Why Europe needs a Truth and Reconciliation Commission
Establishing facts on EMU would have many advantages
by David Marsh
Tue 23 Jul 2013
When many southern European countries are confronted with record unemployment and multi-year recessions, apportioning blame for the malaise in economic and monetary union (EMU) may appear a secondary issue. Yet I believe that setting up, sooner or later, an EMU Truth and Reconciliation Commission to look into the causes of failure, and ask why remedial measures were not taken earlier, should be a priority for Europe.
Although one shouldn't take historical analogies too far, there are some similarities with the process in South Africa in the 1990s after the abolition of apartheid, with the establishment of juridical procedures to establish the facts behind gross violations of human rights and to pave the way for reconciliation. Both victims and perpetrators – who could request amnesties from civil and criminal prosecution - were invited to give statements about their experiences. Fortunately, EMU has not involved crimes of violence. Yet there is certainly a need for reconciliation. In the interplay between creditors and debtors in the euro bloc, there are some parallels with South Africa. In both cases, perpetrators and victims were, in a sense, in the same boat together: locked in built-in conflict in a system which, ultimately, could not work.
Palpably, prime responsibility for the poor position of the euro bloc lies with the debtors. Yet the creditor countries were also guilty. They failed to halt reckless lending to borrowers that were plainly raising money on far too generous terms. This is an area where we will anyway hear plenty of arguments from the Athens government in 2014 when, for the first time, official European credits to Greece will have to be restructured.
Beyond the field of satisfying intellectual curiosity, enacting a Truth and Reconciliation Commission could have three important advantages.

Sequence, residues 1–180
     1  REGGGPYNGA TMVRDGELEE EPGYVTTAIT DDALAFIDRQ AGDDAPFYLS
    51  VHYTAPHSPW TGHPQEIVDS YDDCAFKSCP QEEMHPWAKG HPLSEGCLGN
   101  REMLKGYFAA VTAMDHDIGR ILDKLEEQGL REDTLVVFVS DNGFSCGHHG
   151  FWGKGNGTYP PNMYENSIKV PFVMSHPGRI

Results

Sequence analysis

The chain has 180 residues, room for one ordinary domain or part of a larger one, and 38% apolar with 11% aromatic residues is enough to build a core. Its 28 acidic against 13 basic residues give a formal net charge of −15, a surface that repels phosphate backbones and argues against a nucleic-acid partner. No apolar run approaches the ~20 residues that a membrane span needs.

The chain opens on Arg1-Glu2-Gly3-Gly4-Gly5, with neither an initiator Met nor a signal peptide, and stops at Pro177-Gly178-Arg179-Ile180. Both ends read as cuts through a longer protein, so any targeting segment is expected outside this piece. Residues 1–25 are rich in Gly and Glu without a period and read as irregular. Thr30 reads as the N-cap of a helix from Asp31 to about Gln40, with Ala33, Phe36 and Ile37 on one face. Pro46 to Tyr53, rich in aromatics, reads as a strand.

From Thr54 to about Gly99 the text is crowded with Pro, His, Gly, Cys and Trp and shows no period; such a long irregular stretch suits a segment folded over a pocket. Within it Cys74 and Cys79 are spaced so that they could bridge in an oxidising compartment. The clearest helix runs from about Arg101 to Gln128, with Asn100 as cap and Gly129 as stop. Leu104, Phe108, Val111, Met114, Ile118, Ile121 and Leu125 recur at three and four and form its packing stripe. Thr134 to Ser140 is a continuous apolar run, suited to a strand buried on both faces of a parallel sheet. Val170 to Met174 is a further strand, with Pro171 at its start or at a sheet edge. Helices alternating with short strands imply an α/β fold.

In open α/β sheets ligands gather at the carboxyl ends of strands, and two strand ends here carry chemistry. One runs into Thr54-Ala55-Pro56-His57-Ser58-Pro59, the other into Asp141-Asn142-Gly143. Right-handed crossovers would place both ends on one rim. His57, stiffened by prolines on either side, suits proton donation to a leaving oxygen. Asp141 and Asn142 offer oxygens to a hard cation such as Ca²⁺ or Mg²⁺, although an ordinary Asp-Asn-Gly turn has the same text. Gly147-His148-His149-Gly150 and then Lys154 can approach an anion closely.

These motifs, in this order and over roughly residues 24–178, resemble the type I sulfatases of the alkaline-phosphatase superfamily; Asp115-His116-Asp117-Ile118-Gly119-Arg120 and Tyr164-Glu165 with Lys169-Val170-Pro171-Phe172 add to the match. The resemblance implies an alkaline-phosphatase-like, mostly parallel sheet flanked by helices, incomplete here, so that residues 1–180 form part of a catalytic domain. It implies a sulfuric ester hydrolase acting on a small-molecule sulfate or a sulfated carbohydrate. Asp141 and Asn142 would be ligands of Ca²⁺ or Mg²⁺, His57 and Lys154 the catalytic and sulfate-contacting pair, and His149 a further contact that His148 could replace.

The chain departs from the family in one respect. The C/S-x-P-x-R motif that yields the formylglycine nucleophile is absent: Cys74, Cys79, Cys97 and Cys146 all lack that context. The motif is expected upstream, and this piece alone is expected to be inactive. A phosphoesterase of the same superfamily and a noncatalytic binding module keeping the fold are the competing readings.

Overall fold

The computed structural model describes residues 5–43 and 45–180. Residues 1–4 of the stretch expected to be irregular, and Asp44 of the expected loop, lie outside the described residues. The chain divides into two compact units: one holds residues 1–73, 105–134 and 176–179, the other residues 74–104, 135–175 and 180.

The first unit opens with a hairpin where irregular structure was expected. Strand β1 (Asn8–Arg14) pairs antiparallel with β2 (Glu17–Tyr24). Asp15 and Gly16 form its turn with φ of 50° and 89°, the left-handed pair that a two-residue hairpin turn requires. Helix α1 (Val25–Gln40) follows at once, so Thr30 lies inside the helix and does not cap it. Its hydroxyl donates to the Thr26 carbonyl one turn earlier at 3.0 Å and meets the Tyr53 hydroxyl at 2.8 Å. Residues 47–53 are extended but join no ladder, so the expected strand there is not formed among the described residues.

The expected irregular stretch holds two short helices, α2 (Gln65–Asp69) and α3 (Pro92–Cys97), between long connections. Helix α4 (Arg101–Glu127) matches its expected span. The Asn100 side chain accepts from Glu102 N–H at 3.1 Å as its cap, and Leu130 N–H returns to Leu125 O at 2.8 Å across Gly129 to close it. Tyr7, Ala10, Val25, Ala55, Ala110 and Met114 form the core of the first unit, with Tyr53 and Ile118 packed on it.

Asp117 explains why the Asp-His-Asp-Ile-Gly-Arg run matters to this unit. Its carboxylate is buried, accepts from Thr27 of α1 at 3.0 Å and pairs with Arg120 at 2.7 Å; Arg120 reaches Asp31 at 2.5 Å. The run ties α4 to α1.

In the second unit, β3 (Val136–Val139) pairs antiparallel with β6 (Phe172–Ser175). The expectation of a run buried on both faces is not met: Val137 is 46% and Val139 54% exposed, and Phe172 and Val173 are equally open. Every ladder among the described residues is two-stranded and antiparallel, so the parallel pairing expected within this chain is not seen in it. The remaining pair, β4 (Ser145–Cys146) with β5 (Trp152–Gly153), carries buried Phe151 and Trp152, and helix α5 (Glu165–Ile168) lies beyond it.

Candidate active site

First, from a political point of view, it could engender a proper allocation of responsibility among creditors and debtors - and among the various politicians and technocrats involved in two decades of European decision-making. This might help induce the necessary humility and open-mindedness needed to bring about genuine solutions to the European disorder.
Second, on a technical level, exploring past errors – for example, the lack of reaction by either the European Central Bank (ECB) or European governments to exaggerated credit expansion in the southern countries in the early years of EMU, caused by far-too-low interest rates for these countries – could provide pointers for avoiding future mistakes.
Third, from a moral and sociological viewpoint, a thorough investigation could help achieve some kind of justice for the millions of people who have lost jobs in the euro crisis.
This initiative could be undertaken by a combination of universities and think-tanks, on a Europe-wide level. This could be like a travelling assizes, meeting in different places before a public audience to allow local people from different countries to gain insights into what went wrong and who was responsible.
The euro imbroglio needs to be put into the context of the trans-Atlantic financial crisis and the inability to control risk by financial market participants nearly everywhere. However, in the case of the euro, specific European phenomena were in play. Some very important witnesses among Europe's past and present politicians and technocrats could be called. The time for preparing such an exercise, which could be both illuminating and useful, is now.
Marsh, D. (2013), Europe's Deadlock How the Euro Crisis Could be Solved - and Why it Won't Happen, Yale University Press, London.
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